Judge reinstates NJ EMTs accused of striking patient, questions state's investigation

The two EMTs were accused of lying about the patient assaulting them and had their licenses suspended by the state Office of EMS


Kevin Shea
nj.com

JERSEY CITY, N.J. — A state administrative law judge has reinstated the certifications of two emergency medical technicians accused last year of striking a patient in the back of an ambulance in Jersey City.

And in doing so, New Jersey Administrative Law Judge Gail M. Cookson had harsh words for the state’s Office of Emergency Medical Services (EMS), which suspended the licenses of James Piro and John Bonvenca last fall for the alleged July 4, 2020 incident.

A judge has reinstated the licenses of two EMTs accused of striking a patient in the back of an ambulance in Jersey City, citing a
A judge has reinstated the licenses of two EMTs accused of striking a patient in the back of an ambulance in Jersey City, citing a "serious lack of due process" in the case. (Photo/Reena Rose Sibayan, The Jersey Journal)

In her opinion, Cookson wrote that the EMS office, in the state Department of Health, acted with a “serious lack of due process” in the case, and ordered Piro and Bonvenca’s certifications reinstated pending a final hearing.

The judge also said the state’s investigation into the incident so far has been lacking and one of “anonymous and double layers of hearsay” when Piro’s and Bonvenca’s careers and ability to earn a living are on the line.

The state Health department did not immediately return a message seeking comment.

Last year, Piro and Bonvenca were EMTs with RWJBarnabas Health, which contracts with Jersey City to provide emergency medical services.

On July 4, they responded with others to back up another ambulance crew that was treating a combative patient, and had pulled over on the side of the road near Grand Street and Fairmount Avenue.

The state EMS office alleged in letters to Piro and Bonvenca that they assaulted the patient by striking him several times, lied and portrayed themselves as assault victims in their reporting on the matter, and then admitted their untruthful actions to their employer.

RWJBarnabas fired them, and the state suspended their certifications in October. (A third EMT present at the incident also had his certification suspended, but was not part of this action.)

Piro and Bonvenca have said through their lawyer, Peter LeGreca, they were indeed the victims, attacked by the patient when they arrived to help a fellow crew. They filed emergency legal action relief to get their state licenses back, and filed a lawsuit against RWJBarnabas.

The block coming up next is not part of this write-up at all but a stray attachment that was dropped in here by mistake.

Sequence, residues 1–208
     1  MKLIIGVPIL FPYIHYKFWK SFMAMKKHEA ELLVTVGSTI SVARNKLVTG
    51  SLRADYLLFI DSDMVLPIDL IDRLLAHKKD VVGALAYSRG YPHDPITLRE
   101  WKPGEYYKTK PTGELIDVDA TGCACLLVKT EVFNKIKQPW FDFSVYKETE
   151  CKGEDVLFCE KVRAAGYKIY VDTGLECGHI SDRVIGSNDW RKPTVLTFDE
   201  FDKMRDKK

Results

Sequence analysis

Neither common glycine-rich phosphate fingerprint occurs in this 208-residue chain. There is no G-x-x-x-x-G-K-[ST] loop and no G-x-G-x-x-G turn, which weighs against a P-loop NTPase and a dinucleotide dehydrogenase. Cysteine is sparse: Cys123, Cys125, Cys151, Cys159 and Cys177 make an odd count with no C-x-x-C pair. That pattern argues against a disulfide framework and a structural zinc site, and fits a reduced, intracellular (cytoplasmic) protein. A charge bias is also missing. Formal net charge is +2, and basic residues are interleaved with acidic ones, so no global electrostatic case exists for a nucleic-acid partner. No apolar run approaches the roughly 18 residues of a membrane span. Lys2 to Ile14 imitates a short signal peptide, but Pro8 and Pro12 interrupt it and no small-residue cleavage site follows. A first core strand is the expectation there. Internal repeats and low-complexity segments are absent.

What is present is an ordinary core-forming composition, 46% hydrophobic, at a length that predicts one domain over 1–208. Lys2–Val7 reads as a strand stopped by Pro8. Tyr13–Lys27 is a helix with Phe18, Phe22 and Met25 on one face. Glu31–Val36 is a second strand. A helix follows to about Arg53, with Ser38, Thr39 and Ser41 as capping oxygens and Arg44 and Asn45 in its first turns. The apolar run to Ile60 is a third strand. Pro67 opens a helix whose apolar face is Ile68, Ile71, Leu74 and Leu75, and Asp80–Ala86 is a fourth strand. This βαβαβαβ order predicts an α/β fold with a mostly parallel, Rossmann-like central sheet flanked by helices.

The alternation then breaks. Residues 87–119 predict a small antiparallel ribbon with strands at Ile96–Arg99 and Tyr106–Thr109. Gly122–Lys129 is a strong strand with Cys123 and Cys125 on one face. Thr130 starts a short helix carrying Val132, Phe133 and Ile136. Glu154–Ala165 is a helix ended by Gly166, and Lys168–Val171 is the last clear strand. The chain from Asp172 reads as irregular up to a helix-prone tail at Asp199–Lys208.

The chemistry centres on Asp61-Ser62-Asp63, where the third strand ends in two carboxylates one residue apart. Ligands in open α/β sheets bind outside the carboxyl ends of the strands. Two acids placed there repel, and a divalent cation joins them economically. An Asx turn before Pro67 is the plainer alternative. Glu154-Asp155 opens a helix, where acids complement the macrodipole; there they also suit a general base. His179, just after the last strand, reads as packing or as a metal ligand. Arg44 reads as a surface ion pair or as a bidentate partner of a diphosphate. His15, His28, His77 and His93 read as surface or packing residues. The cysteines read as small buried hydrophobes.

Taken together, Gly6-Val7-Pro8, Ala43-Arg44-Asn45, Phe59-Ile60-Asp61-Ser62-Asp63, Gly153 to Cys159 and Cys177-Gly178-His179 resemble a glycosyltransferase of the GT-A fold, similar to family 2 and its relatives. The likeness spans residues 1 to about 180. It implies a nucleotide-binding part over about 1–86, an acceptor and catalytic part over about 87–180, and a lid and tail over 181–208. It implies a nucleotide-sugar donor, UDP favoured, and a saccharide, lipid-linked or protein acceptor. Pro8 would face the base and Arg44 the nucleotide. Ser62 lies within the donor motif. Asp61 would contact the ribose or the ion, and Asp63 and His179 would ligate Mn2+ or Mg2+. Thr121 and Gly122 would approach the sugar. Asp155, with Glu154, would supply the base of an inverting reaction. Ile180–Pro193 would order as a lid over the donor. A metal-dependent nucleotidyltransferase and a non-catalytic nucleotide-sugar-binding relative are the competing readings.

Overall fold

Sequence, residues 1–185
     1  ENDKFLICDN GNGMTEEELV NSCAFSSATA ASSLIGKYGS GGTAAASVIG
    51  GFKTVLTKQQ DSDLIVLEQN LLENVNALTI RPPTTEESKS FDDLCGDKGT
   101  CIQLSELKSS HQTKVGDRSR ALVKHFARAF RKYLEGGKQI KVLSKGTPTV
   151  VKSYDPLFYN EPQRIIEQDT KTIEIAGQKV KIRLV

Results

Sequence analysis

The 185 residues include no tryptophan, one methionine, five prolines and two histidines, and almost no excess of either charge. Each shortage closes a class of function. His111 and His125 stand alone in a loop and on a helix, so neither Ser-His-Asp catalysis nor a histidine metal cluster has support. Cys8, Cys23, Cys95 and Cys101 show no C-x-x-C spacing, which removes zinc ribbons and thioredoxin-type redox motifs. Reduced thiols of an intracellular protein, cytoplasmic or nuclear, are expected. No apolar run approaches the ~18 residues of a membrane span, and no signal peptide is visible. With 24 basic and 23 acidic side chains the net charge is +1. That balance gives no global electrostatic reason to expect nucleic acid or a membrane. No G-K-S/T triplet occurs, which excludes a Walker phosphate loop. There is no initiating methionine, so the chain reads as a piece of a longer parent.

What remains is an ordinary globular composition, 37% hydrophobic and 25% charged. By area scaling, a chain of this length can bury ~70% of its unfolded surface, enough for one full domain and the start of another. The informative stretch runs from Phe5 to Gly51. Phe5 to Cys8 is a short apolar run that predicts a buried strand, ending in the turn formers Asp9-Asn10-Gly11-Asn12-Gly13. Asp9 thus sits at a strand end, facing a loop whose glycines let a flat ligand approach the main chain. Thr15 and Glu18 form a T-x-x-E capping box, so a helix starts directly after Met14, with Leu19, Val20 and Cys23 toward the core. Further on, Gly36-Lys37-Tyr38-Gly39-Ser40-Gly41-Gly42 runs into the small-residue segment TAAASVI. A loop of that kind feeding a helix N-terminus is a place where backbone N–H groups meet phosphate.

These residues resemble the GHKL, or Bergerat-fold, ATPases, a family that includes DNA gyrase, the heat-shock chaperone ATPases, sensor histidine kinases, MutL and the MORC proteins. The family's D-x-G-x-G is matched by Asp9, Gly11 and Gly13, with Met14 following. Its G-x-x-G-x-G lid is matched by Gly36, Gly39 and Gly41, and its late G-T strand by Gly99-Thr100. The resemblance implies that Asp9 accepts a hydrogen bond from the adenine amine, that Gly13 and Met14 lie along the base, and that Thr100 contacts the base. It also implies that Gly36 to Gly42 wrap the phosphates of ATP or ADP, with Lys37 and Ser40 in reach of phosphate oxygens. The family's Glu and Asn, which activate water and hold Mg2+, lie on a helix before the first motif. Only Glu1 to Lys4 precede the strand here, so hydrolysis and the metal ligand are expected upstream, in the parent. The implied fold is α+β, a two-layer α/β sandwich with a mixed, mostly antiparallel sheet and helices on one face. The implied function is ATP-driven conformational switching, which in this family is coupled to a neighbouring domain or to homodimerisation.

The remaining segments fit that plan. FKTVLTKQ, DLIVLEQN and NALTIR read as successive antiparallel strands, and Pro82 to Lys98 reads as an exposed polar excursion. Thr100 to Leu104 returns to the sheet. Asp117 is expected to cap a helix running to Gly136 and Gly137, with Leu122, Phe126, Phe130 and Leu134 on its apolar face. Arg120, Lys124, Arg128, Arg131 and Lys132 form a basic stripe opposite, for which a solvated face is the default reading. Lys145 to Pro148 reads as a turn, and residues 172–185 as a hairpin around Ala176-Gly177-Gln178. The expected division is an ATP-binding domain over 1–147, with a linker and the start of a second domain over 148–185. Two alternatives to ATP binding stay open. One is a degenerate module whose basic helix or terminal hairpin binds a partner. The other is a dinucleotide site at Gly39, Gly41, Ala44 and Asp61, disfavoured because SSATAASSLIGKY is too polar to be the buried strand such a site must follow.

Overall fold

LaGreca said Wednesday the administrative law decision speaks for itself.

In it, the judge says the state EMS office, “added nothing to the investigation of the July 4 incident” except to read and summarize an unauthored report forwarded to the state by RWJBarnabas officials.

The judge, Cookson, found no indication Piro and Bonvenca were given any opportunity to respond to the allegations before their licenses were suspended, and the evidence before her shows “zero indication” the state has undertaken anything since to complete an investigation.

The EMS office has not submitted a single certification or affidavit of anyone with personal knowledge of the July 4 incident to the administrative law court, nor the RWJBarnabas reporting on their investigation of the incident. And key details, like the RWJBarnabas investigator’s name, incident reports, as well as times, dates and other notes and details are missing or light on details, the judge wrote.

RWJBarnabas also did not immediately respond to a request for comment.

The judge, Cookson, said in the decision: “I do not condone in any form or forum the striking of a patient under one’s care; but it is not disputed that this was an isolated incident, if it occurred at all, and not a pattern of [Piro’s and Bonvenca’s] tenure or the case of repeated abuse of an elderly or vulnerable person from a regular caregiver.”

The interest and safety of the public must be paramount, and a single incident may warrant a suspension, Cookson wrote.

“Nevertheless, there is also a public interest in government providing due process to its citizens before depriving them of property rights, such as [EMS certifications]...While there have been assertions of patient abuse, as stated above, at this juncture, it is entirely based on hearsay, double hearsay, and the work of anonymous investigators.”

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(c)2021 NJ Advance Media Group, Edison, N.J.

McClatchy-Tribune News Service

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